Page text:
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Thursday, 20 October 2016

Climate change forces birches to adapt to new conditions

Led by Professor, Vice-Dean Elina Oksanen at the Department of Environmental and Biological Sciences of the University of Eastern Finland, the project was launched 18 months ago and is currently conducting growth chamber experiments at the Kuopio Campus. The project secured funding from the Academy of Finland’s Arctic Academy Programme, seeking to carry out increasingly efficient Arctic research by making use of plant imaging techniques, among other things. The project’s partners include researchers from the University of Helsinki, the Natural Resources Institute of Finland in Vantaa, and the National Research Council of Italy.
“We study the internal, genetic modification of birch species and how different birch species are able to adapt to climate change. This project brings together experts from a variety of fields,” says Senior Researcher Sari Kontunen-Soppela.
“It is important to study birches in the Arctic area, as there are fewer different species there,” says Project Researcher Sarita Keski-Saari.
The currently ongoing experiments analyse silver and downy birches from southern and northern parts of Finland, as well as from Florence in Italy. The birch seedlings have been tissue cultured and they come from natural growth sites.
“We have two growth chambers in Kuopio, and the results will also be used in upcoming field experiments in Italy and in southern and northern Finland.” In Italy, the duration of the photoperiod in the summer is 8.5 hours, whereas in northern Finland, the sun doesn’t set at all. This phenomenon is known as the midnight sun.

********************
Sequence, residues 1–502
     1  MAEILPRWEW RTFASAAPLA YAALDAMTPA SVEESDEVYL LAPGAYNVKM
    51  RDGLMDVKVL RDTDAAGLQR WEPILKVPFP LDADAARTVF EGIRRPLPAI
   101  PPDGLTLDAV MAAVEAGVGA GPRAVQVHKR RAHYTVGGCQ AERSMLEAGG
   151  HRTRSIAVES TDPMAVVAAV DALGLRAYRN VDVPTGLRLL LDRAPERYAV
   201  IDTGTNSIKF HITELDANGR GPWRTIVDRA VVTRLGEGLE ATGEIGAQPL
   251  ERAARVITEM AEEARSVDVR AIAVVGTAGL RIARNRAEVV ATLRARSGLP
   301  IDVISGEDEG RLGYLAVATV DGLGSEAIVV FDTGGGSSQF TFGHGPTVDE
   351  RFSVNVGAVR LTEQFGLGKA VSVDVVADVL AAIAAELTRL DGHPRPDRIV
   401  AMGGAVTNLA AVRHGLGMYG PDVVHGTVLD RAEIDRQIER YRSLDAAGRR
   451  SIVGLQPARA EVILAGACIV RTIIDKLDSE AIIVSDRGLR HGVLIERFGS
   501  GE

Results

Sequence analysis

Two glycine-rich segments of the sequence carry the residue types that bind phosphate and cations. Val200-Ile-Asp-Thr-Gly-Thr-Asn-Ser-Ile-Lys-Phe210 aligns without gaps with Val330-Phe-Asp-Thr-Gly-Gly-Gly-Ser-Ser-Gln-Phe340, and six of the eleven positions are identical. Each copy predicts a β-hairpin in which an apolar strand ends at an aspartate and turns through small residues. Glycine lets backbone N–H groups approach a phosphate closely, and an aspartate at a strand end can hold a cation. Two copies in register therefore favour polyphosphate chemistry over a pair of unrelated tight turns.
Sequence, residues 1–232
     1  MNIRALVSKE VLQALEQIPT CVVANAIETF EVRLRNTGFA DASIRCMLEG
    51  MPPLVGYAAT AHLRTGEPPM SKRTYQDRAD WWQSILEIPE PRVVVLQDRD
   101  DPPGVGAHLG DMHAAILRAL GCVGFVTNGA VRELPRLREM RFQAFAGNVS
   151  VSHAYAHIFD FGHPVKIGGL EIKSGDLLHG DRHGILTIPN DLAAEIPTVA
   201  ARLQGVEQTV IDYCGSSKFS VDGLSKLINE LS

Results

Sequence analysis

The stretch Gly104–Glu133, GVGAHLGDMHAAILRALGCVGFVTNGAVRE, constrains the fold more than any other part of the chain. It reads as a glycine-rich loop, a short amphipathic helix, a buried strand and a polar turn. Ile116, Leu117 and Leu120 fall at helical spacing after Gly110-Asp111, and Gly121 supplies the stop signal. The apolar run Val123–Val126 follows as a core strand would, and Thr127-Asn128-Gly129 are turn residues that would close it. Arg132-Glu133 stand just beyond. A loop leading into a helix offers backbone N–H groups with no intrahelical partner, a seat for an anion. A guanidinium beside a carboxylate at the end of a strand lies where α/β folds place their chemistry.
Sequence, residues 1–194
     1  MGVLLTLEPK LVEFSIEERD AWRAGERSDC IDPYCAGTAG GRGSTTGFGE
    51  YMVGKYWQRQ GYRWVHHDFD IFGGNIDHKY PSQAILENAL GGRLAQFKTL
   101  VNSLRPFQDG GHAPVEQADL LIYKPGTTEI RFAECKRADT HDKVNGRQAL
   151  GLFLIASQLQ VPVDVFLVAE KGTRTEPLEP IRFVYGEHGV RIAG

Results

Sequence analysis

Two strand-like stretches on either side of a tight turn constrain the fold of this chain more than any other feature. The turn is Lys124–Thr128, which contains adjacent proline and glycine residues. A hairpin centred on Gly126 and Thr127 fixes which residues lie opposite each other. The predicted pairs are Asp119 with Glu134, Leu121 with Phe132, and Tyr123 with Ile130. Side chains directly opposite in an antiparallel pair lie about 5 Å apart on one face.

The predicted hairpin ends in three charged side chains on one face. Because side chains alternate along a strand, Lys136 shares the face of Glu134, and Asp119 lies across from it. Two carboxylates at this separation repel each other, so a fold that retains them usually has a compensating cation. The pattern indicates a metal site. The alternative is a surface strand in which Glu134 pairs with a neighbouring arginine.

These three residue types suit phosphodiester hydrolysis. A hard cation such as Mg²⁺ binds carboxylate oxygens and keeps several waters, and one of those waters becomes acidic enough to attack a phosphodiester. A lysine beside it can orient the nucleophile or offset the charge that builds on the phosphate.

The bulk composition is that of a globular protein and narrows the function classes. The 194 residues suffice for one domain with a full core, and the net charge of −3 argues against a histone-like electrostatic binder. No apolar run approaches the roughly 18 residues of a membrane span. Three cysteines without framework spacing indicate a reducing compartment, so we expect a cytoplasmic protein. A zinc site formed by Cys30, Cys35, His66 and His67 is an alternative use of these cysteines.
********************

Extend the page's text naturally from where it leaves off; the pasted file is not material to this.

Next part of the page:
“Plants measure the length of the night. In our growth chambers, we modify the photoperiod, i.e. the length of the day, while keeping other conditions such as humidity and temperature steady throughout the entire experiment,” Kontunen-Soppela explains.
“We are interested in finding out whether northern birches can utilise the midnight sun and keep photosynthesis going even at night,” Keski-Saari says.
“Chlorophyll fluorescence allows us to see, indirectly, the photosynthesis of plants. We measure variation in daily photosynthesis under different photoperiods. The birch is a pioneer species that needs plenty of light in order to grow rapidly. In other words, it turns light into chemical energy and uses this energy to grow,” Kontunen-Soppela says.
The study seeks to analyse whether birches originating from specific places are acclimated to their original conditions only, or whether also birches from Italy can make use of the midnight sun.
“Too much light is a stress factor for plants and they need the night time to repair light-induced damage, among other things. We want to know whether the plant is able to repair damages even when the sun doesn’t set. Throughout the experiment, we also analyse the number of leaves and height growth,” Keski-Saari explains.

Climate change makes days warmer, not longer

Findings from the currently ongoing experiments aren’t available just yet. However, earlier studies have shown that when northern and southern seedlings are planted on the same field, the growing season of the northern seedlings ends earlier than the growing season of the southern ones.
Source:University of Eastern Finland

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